COMPARATIVE STUDY
JOURNAL ARTICLE
RANDOMIZED CONTROLLED TRIAL

Sustained inflations versus UK standard inflations during initial resuscitation of prematurely born infants in the delivery room: a study protocol for a randomised controlled trial

Katie A Hunt, Kamal Ali, Theodore Dassios, Anthony D Milner, Anne Greenough
Trials 2017 November 28, 18 (1): 569
29179773

BACKGROUND: Many infants born at less than 34 weeks of gestational age will require resuscitation in the delivery suite. Yet, different resuscitation techniques are specified in different national guidelines, likely reflecting a limited evidence base. One difference is the length of mechanical inflation initially delivered to infants either via a facemask or endotracheal tube. Some guidelines specify short inflations delivered at rates of 40-60/min, others recommend initial inflations lasting 2-3 s or sustained inflations lasting for ≥ 5 s for initial resuscitation. Research has shown that tidal volumes > 2.2 mL/kg (the anatomical dead space) are seldom generated unless the infant's respiratory effort coincides with an inflation (active inflation). When inflations lasting 1-3 s were used, the time to the first active inflation was inversely proportional to the inflation time. This trial investigates whether a sustained inflation or repeated shorter inflations is more effective in stimulating the first active inflation.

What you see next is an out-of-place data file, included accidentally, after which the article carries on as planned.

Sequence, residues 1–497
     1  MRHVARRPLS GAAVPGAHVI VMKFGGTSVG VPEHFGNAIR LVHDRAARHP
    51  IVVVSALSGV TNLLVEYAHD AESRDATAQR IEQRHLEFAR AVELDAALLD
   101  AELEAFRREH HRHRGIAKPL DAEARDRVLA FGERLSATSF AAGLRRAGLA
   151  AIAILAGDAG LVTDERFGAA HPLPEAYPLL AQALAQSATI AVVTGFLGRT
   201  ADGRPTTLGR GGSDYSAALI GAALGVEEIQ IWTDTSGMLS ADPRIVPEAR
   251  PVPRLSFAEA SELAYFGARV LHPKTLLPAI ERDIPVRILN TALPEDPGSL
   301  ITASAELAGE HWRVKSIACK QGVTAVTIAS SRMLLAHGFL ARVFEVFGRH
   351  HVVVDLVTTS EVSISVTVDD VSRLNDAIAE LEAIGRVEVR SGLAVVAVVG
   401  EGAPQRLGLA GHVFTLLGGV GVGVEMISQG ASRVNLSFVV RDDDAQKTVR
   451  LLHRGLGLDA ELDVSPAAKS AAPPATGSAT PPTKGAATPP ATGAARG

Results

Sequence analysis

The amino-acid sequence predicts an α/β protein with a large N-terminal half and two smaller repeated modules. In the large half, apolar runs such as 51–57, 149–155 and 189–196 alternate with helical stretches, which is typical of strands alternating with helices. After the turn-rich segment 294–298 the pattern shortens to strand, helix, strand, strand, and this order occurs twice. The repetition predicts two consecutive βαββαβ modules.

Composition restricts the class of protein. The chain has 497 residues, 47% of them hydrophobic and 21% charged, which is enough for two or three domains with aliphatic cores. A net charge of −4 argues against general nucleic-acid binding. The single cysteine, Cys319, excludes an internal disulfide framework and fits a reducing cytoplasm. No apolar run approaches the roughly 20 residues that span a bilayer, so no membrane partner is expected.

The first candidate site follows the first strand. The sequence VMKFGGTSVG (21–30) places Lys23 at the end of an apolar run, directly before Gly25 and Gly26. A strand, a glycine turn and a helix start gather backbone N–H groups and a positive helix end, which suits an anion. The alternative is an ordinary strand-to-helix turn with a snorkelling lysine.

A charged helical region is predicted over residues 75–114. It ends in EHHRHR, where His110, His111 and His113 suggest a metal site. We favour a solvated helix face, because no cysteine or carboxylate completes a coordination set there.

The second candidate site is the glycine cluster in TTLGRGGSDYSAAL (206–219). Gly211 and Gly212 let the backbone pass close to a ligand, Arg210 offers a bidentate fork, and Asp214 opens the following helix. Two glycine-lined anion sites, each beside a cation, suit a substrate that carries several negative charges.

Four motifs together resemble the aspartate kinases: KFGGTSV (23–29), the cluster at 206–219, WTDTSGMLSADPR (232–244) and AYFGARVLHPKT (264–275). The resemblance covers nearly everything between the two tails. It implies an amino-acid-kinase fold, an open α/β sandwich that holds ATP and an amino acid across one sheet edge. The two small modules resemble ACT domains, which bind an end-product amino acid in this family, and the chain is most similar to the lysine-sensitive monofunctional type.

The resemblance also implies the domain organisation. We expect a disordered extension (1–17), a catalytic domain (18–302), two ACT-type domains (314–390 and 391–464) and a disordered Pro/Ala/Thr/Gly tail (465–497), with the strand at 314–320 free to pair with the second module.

METHODS: This non-blinded, randomised controlled trial performed at a single tertiary neonatal unit is recruiting 40 infants born at < 34 weeks of gestational age. A 15-s sustained inflation is being compared to five repeated inflations of 2-3 s during the resuscitation at delivery. A respiratory function monitor is used to record airway pressure, flow, expiratory tidal volume and end tidal carbon dioxide (ETCO2 ) levels. The study is performed as emergency research without prior consent and was approved by the NHS London-Riverside Research Ethics Committee. The primary outcome is the minute volume in the first minute of resuscitation with secondary outcomes of the time to the first active inflation and ETCO2 level during the first minute of recorded resuscitation.

DISCUSSION: This is the first study to compare a sustained inflation to the current UK practice of five initial inflations of 2-3 s.

TRIAL REGISTRATION: ClinicalTrials.gov, NCT02967562 . Registered on 15 November 2016.

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